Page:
So that's where that thing is.


See what happens when one doesn't have children of a certain age?







A shaded spot on the trail.






My Master Gardener Association has been instrumental

in developing and maintaining this garden for our

community's children.

I'm so proud of our gardeners.








And now join me in a stroll through the garden.














I rather think that a fountain is meant to be in this space.






















It looks like Sputnik landed in a metal tub.








Just lovely.


I wish to thank our Master Gardeners for all of their hard work.









And here we learn that Bloomington has always welcomed

the weary traveler.








Funny story here and let's see if I can get it straight:

The owner of this mural does not own the building

to which it is attached.


Or the mural is on a layer of bricks that someone else owns.

Something like that.

Confused?

So are we all.


It took some legal wrangling and much social wailing

for the matter to be resolved.


To wit, the essence of the mural will be preserved

and will be replaced on the building

once the building has been stabilized.


Of course, the owner of the land facing the mural

can always choose to build (on that eight or ten foot sliver of land),

thus forever hiding the mural.


So, who won and who lost?


Only time will tell.








Now that you have seen some of the good,

it's time to see some of the bad.


Here at the southern end of the

so-far completed part of the trail

concrete, asphault and weeds

assault the trail users' eyes.







Bloomington is a city of businesses.


And let's face it,

not all businesses are pretty.




Bloomington is also home to some gangs.







Maybe I should be glad that I can't decipher this mess?

Bloomington will need to clear up

some of these problems if they wish to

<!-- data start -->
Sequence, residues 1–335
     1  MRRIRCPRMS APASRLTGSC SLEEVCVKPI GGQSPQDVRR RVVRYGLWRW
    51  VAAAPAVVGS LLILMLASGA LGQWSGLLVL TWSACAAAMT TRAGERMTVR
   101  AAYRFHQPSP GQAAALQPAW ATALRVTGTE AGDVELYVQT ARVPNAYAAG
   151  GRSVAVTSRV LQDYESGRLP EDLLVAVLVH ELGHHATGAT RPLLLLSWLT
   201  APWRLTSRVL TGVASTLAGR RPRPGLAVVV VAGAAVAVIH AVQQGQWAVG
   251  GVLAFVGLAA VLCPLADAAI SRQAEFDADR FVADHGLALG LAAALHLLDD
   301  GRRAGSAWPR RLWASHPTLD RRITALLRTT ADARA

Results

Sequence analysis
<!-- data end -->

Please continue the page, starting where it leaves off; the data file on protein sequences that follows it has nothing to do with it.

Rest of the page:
truly make this a beautiful city.



But these are no problems that a few good plants can't cure,

or at least hide.


That's my story and I'm sticking to it.




And now on to some of the good.








Whimsical folk art.




Here we find some meaningful graffiti.








Hm, a book on a stand?

Why does this remind me of a sermon on Sunday morning?







Another history lesson.


I will leave it to you to click on the picture and learn.







Ah, and now we finally get to the crux of the matter.

The B-Line Trail was built on the remains of the old

Monon Rail Line.







Is it just me,

or would some sweet-scented vines look divine here?








Heading back to the 3rd Street overpass.






Dang,

and now I find out where Le Petit Cafe is.


A couple of weeks ago I had stepped out of a meeting downtown

when a gentleman stopped me to ask if I knew

where this restaurant was.


Unfortunately, I didn't at the time,

and as I learned this day,

the gentleman had been directed to the wrong street.


I do hope he eventually found his destination and his friends.







Ah, would you look?

A petit city scape.





Some artistic "graffiti."


This seems to be based on Disney's A Jungle Book.















See, graffiti can be beautiful.






And now we are getting to the crux of the matter.


This is the old Johnson Creamery Factory.